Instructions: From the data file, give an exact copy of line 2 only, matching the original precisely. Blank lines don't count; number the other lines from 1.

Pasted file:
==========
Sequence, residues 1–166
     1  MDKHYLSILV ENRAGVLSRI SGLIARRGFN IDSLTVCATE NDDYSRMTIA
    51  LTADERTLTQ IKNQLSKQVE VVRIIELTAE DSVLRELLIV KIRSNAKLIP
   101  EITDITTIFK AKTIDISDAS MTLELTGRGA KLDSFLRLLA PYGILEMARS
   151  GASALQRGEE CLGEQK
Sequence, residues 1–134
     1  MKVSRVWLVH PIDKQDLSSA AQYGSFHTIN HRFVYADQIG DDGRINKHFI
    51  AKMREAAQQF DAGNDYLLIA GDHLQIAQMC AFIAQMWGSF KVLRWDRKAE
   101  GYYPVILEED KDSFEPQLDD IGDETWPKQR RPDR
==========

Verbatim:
     1  MDKHYLSILV ENRAGVLSRI SGLIARRGFN IDSLTVCATE NDDYSRMTIA